The Ontario and Canadian governments are putting the squeeze on retired autoworkers. Call it General Motors decides on our behalf.
Sadly, both Ontario Liberals, and federal Conservatives are prepared to back Detroit-based management of American companies, and push around the Canadian workers who have been making cars. Surely, it should be the other way around: governments should be backing Canadian workers through an industrial strategy, not being pushed into doing whatever is decided in the U.S.
Sending subsidies South is not going to bring back jobs eliminated by GM, Ford, Chrysler and US Steel; or support Southern Ontario, and its hard hit communities: Oshawa, Oakville, Windsor and Hamilton.
Canada needs an industrial strategy. A prime objective should be to put into operation a national transportation company, one using existing steelmaking, and other Canadian industrial capacities.
Along with an industrial strategy approach, business logic -- short term profits before people -- needs to be set aside. In its place, we need a society-wide accounting approach that shows the social costs and benefits of building socially responsible, and environmentally sustainable Canadian industrial capacity.
Overall, implementing a made-in-Canada industrial strategy requires a new approach to finance: investing for the common good, using broader criteria than market profitability.
Public sector industrial finance is not much in evidence in Canada, or even much discussed provincially or federally. But serious industrial policy initiatives require new public sector financial institutions. Canada, Ontario, and the other provinces need to create public investment banks to finance projects that have an important social, and environmental return.
The governments of Ontario, and Canada are should take the money that are planning to give U.S. corporations, and instead create the Canadian Investment Bank (CIB), and the Ontario Investment Bank.
How would a public sector investment bank such as the CIB work? Investment banking means taking ownership positions in companies. A new steel company -- Canadian Steel -- could be created in Hamilton. It could secure the support of provincial, municipal and federal governments, the community of Hamilton and the Steelworkers.
The expertise and knowledge needed to make steel and deliver it to clients is unquestionably available in Hamilton. The role of the investment banker, the CIB, would be to provide start-up capital to buy the existing facilities abandoned by US Steel when it closed Stelco, and engage the engineering, marketing and sales people needed to make it viable. In return for the start-up capital, the CIB would hold ownership shares in the Canada Steel. Eventually the steel company could buy these shares back or the shares could be sold by the CIB to the public or to union and community partners.
The new steel company would have an enlarged mandate akin to a co-operative: provide employment, prepare a green future and cover direct costs over a reasonable time period. Rather than maximizing short-term profits, it would aim at maximizing social and environmental returns for its union, community and government partners.
The operating capital of the CIB would come from the issue of bonds. The initial funds would be subscribed by the Bank of Canada, which could purchase for its own account as much as $50 billion in CIB bonds. The CIB would also issue bonds for purchase by pension funds, and individuals, including small investors. The CIB bonds would be guaranteed by the Government of Canada, and would bear a low rate of interest, reflecting government backing.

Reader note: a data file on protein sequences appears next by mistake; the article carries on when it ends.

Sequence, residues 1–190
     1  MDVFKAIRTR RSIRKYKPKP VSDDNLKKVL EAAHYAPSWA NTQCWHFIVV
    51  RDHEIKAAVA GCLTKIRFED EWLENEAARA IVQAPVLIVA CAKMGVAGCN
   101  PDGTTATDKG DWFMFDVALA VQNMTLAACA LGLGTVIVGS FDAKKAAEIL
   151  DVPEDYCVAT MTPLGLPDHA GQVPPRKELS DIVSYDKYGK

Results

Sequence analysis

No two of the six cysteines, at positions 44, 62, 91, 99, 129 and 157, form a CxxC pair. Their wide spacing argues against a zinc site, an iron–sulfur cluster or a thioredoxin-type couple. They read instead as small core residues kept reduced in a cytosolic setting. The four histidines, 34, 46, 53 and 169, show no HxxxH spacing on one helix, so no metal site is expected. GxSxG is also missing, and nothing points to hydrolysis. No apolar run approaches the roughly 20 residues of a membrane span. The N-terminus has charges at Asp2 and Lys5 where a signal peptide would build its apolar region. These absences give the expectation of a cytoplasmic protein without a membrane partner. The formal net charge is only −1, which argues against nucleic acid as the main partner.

In wartime conditions (1939-45) the Bank of Canada purchased government bonds. It was the underpinning of the successful creation of the industry needed to make war. The same financing method could be used to green the industrial structure of Canada today.
The income for the CIB would come from fees, loans, and eventually the sale of shares in operations it brought into being such as Canadian Steel. Though it would have minimal administrative costs for staff, and other business expenses, the main CIB expense would be the interest it owed to bond holders.
In the case of the Bank of Canada, the main creditor of the CIB, the interest paid would become part of the annual profit of the Bank of Canada. This considerable amount is turned over the federal government yearly.
Instead of paying welfare, and unemployment benefits, governments at every level would collect taxes from companies funded through CIB. These benefits would need to be included in the social accounting procedures used to evaluate the performance of the CIB.
There would be no need for the CIB to make quarterly profits. The five to ten year objective would be to recover its direct costs, and create social and environmental advantages through its support for local industries.
Without a CIB or its Ontario equivalent, there is no good way to bring back to life the former Stelco facility US Steel acquired in Hamilton, and then closed.
The value of such a steel company to Canada and to its Hamilton community would always exceed its profitability, and there is every reason to believe it could, at the very least, cover its direct costs over a reasonable time frame of five to ten years.
A national steel company, a public sector transportation company, and other industrial enterprises could all benefit from harnessing public credit for the common good through public sector investment banking.
Duncan Cameron writes from Vancouver.
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